** Which Coronas are Simple?**

A *tile* in *d*-dimensional Euclidean space is a convex closed topological disk.
A *tiling* of *d*-dimensional Euclidean space is a collection of tiles with
disjoint interiors. The tiling is *monohedral* if all tiles are congruent under rigid motions of
the ambient Euclidean space. The tiling is *isohedral* if the symmetry group
acts transitively on the tiles.

The *corona* of a tile *T* is the union of all tiles that meet *T*, including *T* (this includes tiles that meet *T* in only a single point). For example,
the corona of any tile in the usual infinite grid in the plane consists of 9
tiles in a 3 x 3 subgrid.

**Conjecture:** [G] *In** any isohedral
tiling of *d*-dimensional space, the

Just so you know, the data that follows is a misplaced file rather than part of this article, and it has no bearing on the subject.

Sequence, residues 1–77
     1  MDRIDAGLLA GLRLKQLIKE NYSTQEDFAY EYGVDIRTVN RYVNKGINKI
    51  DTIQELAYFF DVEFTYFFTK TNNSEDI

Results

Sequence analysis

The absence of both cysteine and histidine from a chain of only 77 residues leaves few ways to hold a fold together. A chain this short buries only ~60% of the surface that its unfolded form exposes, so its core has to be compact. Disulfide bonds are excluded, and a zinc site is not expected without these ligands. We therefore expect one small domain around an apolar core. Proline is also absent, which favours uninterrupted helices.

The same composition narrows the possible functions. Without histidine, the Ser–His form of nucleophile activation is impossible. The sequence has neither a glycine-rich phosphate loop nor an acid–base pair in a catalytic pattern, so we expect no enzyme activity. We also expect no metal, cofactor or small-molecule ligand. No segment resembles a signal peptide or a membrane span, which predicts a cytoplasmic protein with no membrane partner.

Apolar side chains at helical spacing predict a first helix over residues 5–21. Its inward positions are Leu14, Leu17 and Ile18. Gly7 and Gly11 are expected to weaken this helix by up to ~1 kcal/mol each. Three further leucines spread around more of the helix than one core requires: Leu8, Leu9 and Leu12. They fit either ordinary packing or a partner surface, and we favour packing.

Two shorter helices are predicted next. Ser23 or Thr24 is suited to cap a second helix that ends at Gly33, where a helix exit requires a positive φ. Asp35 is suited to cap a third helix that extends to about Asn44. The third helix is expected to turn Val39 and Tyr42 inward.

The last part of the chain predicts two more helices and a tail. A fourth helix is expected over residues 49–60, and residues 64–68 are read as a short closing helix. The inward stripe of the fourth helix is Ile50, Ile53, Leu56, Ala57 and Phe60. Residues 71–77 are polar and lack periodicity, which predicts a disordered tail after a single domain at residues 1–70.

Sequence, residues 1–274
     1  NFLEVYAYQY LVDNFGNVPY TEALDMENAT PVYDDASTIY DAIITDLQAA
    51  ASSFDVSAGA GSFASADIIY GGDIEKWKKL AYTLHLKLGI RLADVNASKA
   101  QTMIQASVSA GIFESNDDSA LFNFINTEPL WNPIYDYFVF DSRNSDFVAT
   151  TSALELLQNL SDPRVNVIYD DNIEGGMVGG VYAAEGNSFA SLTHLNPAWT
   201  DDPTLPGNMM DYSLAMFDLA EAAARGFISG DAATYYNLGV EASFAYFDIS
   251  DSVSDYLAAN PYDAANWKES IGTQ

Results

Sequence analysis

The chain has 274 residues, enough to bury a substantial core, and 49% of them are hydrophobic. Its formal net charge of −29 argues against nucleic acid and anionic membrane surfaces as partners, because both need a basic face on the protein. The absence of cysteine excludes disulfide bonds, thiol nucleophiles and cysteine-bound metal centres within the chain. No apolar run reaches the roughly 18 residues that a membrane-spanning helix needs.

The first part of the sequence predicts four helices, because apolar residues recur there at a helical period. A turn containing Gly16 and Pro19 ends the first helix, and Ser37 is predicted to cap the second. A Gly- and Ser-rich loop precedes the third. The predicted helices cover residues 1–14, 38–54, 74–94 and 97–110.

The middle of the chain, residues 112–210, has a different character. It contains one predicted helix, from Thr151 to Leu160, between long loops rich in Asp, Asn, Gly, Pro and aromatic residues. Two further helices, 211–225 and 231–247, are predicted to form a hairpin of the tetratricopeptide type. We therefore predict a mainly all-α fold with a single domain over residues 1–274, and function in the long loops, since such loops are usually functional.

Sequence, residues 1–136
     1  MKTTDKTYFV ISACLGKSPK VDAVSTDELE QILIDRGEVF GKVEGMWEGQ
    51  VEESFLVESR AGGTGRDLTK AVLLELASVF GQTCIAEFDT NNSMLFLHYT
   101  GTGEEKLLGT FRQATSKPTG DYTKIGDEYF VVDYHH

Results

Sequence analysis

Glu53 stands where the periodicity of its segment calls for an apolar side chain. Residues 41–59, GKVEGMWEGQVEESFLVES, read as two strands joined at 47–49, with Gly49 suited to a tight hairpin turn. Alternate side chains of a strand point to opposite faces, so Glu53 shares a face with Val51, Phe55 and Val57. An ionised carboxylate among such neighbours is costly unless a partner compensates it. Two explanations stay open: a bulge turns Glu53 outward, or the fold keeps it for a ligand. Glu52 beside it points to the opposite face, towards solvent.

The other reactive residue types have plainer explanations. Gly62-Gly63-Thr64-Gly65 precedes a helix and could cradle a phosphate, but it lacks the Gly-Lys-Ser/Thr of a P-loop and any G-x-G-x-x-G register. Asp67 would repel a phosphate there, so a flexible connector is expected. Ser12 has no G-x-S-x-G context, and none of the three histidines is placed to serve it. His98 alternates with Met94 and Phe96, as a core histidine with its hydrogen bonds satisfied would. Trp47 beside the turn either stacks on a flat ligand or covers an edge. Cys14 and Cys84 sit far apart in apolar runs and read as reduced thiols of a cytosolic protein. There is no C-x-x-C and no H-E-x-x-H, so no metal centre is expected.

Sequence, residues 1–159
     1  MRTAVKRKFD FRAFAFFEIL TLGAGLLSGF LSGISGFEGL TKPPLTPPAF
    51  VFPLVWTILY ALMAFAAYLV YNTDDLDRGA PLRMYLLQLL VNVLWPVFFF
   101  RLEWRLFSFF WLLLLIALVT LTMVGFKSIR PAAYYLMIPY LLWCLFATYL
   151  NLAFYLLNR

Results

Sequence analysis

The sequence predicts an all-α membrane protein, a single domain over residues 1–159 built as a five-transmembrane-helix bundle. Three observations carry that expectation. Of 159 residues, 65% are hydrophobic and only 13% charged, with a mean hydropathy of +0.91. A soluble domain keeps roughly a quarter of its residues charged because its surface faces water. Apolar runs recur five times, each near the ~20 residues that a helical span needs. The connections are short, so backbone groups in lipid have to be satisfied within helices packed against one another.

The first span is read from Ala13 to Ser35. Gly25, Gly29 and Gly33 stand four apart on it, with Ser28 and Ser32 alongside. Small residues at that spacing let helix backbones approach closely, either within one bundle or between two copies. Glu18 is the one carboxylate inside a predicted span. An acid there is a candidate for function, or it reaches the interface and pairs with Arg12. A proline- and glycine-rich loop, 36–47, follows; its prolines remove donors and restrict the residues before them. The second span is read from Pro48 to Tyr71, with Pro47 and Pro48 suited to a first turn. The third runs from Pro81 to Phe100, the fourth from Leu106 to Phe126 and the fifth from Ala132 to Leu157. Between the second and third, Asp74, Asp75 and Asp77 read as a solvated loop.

corona of each tile a topological disk.*

All isohedral tilings of
the plane are known, and by checking them the conjecture is known for *d = 2*. This holds even if the tile is
non-convex.

Grunbaum says it may be worthwile
to assume the tiling is *face-to-face*,
that is, the intersection of any family of tiles is a face, edge, or vertex of
the participating tiles. The corresponding simpler question is open, even in the
3-dimensional case. He also mentions that the Voderberg
tile [1, p. 123] shows that the proof for monohedral tilings may not be completely straightforward, even in the
case of the plane.

**References: **

[G] B. Grunbaum, Which coronas are simple?, in `Unsolved problems, *Amer. Math. Month.*

[GS] B. Grunbaum
and G.C. Shephard, Tilings
and patterns,

Submitted by: Dan Archdeacon, Dept. of Math. and Stat.,

Send comments to *dan.archdeacon@uvm.edu*

November, 2003